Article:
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Mechanic Street "Colored" School Site and Early Black Education

Mechanic Street "Colored" School Site and Early Black Education Click on the MEDIA ITEMS below for more information


The following four vignettes, all from different sources, provide some background and context as it pertains to the evolution of black schools and education in Cumberland, as well as Allegany County in general:

The road to education had been difficult for black children in Allegany County from the beginning. In 1869, sixty black children were attending school in Cumberland. A school for black students had also been established in Frostburg (but only after the land was donated by a local family), and by 1887 even Lonaconing had established a school. Prior to the construction of a school in 1896 in Westernport, somewhere between twenty-five to thirty children were receiving instruction in the African Methodist Episcopal Church. On December 15, 1894, a list of the schools of Allegany County was issued. It included the Cumberland Colored School which had a total enrollment of 131 pupils. Countywide, there were 211 black children attending classes and by 1900 the number of blacks who were unable to read and write had fallen to 360 from the 1870 figure of 542. Even though the black schools were underfinanced and received only limited support from the county, the attendance rates at these schools were higher than whites.
From: Allegany County - A History

In the 1903 Annual Report of the Allegany County Board of Education it was noted that a teacher from Allegany Mines, a community just north of Frostburg, had wanted to integrate black children into her school. The report goes on to read, "It was decided that if the teacher at Allegany Mines desired to instruct several colored children after school hours, the commissioners would give their consent, but permission for the children to be enrolled as regular pupils of the school could not be granted." The 1903 report also noted that Allegany Mines had also received a new four-room school building that year, at a cost of $2,199.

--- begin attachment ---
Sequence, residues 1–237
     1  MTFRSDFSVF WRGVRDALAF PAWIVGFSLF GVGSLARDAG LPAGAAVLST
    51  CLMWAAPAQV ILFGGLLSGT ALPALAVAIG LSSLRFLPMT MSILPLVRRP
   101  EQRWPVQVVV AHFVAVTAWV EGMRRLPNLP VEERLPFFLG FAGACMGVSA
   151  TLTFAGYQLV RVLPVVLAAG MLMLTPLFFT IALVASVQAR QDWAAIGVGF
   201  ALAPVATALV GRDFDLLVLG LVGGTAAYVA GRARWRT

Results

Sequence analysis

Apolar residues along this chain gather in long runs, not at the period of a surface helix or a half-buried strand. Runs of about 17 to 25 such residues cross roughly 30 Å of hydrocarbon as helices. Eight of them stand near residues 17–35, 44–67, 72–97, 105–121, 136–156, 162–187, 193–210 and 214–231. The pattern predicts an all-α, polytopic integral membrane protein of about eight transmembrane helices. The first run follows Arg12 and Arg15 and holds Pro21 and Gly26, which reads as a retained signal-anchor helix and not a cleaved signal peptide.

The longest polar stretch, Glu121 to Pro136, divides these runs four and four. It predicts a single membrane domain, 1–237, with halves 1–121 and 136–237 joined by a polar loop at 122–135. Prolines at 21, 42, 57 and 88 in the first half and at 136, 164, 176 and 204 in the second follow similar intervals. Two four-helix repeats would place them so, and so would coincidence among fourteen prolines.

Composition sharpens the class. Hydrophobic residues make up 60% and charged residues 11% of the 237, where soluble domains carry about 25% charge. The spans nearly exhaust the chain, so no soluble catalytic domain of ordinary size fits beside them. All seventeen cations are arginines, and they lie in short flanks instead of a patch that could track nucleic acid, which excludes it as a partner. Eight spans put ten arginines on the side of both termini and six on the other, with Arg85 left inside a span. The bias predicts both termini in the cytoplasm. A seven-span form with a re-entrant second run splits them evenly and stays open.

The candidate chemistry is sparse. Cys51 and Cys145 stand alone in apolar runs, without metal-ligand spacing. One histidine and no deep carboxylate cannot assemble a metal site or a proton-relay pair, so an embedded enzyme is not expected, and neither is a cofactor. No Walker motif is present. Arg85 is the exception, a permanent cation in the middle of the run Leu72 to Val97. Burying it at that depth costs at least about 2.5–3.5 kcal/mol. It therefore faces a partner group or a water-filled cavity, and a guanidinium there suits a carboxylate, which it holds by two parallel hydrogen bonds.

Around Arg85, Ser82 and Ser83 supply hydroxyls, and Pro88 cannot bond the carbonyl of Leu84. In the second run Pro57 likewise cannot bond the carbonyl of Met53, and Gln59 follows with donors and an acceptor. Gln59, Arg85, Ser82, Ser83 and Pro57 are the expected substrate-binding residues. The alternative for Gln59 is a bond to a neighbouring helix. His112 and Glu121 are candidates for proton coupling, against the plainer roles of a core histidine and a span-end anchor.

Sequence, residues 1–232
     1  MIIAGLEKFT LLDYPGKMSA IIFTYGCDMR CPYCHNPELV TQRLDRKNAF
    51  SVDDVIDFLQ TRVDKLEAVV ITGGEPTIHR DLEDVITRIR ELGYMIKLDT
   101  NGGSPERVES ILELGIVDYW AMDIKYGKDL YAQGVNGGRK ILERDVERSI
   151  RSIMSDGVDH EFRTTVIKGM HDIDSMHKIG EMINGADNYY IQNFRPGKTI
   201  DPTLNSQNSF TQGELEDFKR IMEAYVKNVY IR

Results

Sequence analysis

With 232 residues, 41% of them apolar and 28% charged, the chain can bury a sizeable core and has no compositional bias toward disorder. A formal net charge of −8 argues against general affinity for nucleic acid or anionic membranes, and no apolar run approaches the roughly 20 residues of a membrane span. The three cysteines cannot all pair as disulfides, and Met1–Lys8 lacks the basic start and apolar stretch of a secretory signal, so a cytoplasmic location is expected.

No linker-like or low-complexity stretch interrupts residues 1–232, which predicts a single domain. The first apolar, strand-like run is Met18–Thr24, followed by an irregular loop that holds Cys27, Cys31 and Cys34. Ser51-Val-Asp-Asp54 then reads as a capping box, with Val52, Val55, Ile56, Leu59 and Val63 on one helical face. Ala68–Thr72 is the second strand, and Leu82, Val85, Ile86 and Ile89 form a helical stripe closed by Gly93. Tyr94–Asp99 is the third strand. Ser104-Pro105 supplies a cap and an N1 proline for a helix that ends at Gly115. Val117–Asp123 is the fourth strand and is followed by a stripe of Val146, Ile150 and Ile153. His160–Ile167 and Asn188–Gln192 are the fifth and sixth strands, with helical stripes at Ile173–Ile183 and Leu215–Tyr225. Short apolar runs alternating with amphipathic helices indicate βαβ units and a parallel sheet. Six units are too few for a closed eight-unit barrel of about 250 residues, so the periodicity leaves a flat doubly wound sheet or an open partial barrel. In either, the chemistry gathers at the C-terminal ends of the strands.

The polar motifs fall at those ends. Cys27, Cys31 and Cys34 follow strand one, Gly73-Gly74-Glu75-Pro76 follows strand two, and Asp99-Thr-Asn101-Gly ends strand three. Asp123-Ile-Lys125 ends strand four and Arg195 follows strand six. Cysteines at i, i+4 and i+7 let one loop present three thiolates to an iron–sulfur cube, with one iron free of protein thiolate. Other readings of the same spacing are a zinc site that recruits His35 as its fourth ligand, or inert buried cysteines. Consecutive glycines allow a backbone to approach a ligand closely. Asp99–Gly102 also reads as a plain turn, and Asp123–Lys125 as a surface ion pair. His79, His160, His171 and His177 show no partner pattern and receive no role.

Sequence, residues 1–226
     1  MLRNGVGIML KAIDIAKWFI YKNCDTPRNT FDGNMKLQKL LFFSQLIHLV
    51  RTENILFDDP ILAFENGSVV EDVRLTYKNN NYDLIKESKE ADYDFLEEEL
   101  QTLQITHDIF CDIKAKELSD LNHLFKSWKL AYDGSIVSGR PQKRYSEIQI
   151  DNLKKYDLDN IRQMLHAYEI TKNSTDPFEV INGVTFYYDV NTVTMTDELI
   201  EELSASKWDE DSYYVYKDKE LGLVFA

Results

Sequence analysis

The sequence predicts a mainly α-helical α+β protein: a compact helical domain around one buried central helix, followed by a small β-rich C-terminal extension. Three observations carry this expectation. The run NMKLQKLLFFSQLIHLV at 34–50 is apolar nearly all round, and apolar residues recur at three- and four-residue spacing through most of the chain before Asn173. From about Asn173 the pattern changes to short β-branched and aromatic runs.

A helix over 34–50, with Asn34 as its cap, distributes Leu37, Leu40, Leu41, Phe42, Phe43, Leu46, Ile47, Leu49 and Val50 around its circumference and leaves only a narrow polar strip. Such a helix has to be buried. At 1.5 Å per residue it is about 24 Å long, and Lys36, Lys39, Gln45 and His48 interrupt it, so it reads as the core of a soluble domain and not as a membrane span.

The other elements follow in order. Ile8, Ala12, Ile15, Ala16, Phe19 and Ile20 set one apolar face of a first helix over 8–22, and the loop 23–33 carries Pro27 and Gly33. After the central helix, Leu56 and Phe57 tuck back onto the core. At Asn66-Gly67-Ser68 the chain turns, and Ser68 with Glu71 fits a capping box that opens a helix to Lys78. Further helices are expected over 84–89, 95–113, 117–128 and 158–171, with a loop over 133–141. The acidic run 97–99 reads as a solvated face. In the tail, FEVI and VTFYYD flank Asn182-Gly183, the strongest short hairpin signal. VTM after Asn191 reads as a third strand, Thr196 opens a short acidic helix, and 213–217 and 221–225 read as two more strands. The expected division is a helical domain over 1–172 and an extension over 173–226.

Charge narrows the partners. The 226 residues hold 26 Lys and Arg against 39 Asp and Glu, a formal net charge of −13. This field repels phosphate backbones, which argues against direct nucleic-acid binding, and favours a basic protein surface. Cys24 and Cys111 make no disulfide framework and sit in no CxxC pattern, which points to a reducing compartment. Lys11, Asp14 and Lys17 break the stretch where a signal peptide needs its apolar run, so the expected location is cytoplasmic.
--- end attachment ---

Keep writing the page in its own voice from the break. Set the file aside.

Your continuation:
It was also noted in the 1903 report that about 100 students had moved into a new Jackson Street (Lonaconing) Colored School building that same year

From: "Comparisons drawn between schools of 1903 and 2000", an article appearing in the Cumberland Times-News, December 27, 2000 by James Rada.

"A colored public school was opened on North Mechanic Street, now the site of the Kennedy Homes, in 1898, with G.E. Moore, principal, and Anna M. Irving and Lillian McHenry, teachers. This school was torn down to build the Garden Theatre in 1927. By then, a new colored school had been built on Frederick Street.......On November 21, 1924, the Frederick Street Colored School gave a program at 8:30 pm. There were selections by the high school orchestra. Talks were given by Lawrence Males, W. Inez Cohran, Mae McIntyre, E.L. Browne, H.V. Talbot, and a solo was sung by Miss A.G. Taylor. A piano selection was given by Edith Cooper (additional informational on Edith Cooper appears elsewhere on this website).......